Treasury Inflation-Protected Securities and exchange traded funds that invest in them continue to see solid demand despite the fact the bonds are paying negative yields.
“A $15 billion auction of Treasury Inflation-Protected Securities this month drew the strongest demand since March even though yields on the notes average less than zero percent for the first time,” Investment News reports.
There are several ETFs tracking TIPS, but iShares Barclays TIPS Bond Fund (NYSEArca: TIP) is by far the largest with over $23 billion in assets. Other funds in the category include PIMCO 1-5 Year TIPS (NYSEArca: STPZ), SPDR Barclays Capital TIPS (NYSEArca: IPE) and Schwab U.S. TIPS (NYSEArca: SCHP).
The iShares TIPS ETF has a negative 30-Day SEC yield.
“Even with real rates being negative, investors view TIPS as the optimal place to put your money if you do have to buy U.S. bonds because it is still government paper while also protecting you from long-term inflation,” George Goncalves, head of interest-rate strategy at Nomura Holdings, told Investment News.
TIPS have outgained comparable Treasury bonds over the past decade, according to the article. The iShares Barclays TIPS Bond Fund was a solid performer in 2011, rising 16% over the past year.
When individuals invest in TIPS, the bonds’ principal is hitched to changes in the Consumer Price Index.
“There’s nothing that sounds more ludicrous than accepting a negative interest rate on your money. At least in the case of a certain type of Treasury bonds, though, negative rates suggest that investors are willing to pay up for protection against a potentially huge threat looming on the horizon: inflation,” the Motely Fool reports.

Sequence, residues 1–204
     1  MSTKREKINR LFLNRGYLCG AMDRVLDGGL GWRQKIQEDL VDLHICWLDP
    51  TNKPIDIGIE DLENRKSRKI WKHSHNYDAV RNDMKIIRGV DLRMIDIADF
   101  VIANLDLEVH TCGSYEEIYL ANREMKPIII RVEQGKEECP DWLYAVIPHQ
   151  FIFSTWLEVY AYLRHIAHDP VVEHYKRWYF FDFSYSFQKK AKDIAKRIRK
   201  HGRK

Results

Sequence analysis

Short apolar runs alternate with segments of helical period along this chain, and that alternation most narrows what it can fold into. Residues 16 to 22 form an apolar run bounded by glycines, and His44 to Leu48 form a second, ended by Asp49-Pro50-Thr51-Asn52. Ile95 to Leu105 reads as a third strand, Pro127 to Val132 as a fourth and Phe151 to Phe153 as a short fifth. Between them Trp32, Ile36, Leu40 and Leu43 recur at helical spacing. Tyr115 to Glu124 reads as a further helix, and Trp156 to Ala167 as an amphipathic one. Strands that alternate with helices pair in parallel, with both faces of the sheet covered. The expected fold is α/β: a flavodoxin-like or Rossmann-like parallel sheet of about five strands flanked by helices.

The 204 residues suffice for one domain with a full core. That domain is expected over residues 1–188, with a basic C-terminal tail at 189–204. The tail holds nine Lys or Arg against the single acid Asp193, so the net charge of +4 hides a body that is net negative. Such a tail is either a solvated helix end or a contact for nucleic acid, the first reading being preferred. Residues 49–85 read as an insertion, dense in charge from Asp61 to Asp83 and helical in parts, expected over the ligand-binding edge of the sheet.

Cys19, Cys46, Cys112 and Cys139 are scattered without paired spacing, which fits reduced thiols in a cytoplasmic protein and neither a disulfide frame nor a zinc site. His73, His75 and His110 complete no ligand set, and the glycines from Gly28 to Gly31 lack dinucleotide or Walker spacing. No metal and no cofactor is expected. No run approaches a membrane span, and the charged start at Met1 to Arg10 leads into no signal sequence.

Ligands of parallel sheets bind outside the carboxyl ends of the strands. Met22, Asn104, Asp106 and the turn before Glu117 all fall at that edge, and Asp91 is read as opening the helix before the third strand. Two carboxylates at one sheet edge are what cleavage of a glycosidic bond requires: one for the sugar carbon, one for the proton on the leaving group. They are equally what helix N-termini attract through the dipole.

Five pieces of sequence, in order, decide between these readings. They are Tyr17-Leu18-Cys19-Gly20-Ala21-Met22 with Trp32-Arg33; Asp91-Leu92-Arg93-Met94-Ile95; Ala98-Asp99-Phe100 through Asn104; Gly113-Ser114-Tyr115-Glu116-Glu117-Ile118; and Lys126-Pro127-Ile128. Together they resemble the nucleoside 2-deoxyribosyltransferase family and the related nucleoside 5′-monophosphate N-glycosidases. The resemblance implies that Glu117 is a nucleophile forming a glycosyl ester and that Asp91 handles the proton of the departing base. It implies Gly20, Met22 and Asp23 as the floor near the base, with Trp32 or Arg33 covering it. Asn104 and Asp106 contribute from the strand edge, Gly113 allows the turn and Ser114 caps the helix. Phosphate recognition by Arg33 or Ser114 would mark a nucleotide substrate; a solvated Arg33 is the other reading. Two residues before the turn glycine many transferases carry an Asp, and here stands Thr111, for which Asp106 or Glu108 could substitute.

“But what’s particularly frustrating for income-seeking investors is that despite TIPS … seeming to be poised for a big ramp-up in consumer prices, those price increases haven’t for the most part shown up yet. The net result may be that although long-term investors have seen some big gains from TIPS they bought years ago, current investors are likely dooming themselves to poor returns going forward,” it predicts, adding that stocks may be a better inflation hedge.
Conversely, Investopedia recommends that TIPS still have appeal for longer-oriented portfolios despite the negative yields, which it says is a little misleading.
“These bonds are designed to provide a fixed coupon plus a rate that is adjusted based on changes in the CPI. This prevents erosion of purchasing power. So as inflation increases, investors gain that, plus the bonds coupon rate. While as total return component TIPS, probably don’t make much sense, but as an inflation hedge they still remain top notch. Inflation isn’t a guarantee. However, the possibility is gaining momentum,” Investopedia points out.
It should be noted the government-reported CPI has faced criticism that it underestimates inflation.
The so-called inflation break-even rate is hovering around 2%. The rate is determined by comparing the 10-year Treasury bond yield with the 10-year TIPS yield.
“The difference is the rate at which inflation would have to be above over the next 10 years in order for an investor to be better off owning the TIPS than the Treasury bond. The inflation adjustment does swing both ways, though, so any decrease in the CPI will result in a decrease of TIPS principal,” says Morningstar analyst Timothy Strauts.
iShares Barclays TIPS Bond Fund
Full disclosure: Tom Lydon’s clients own TIP.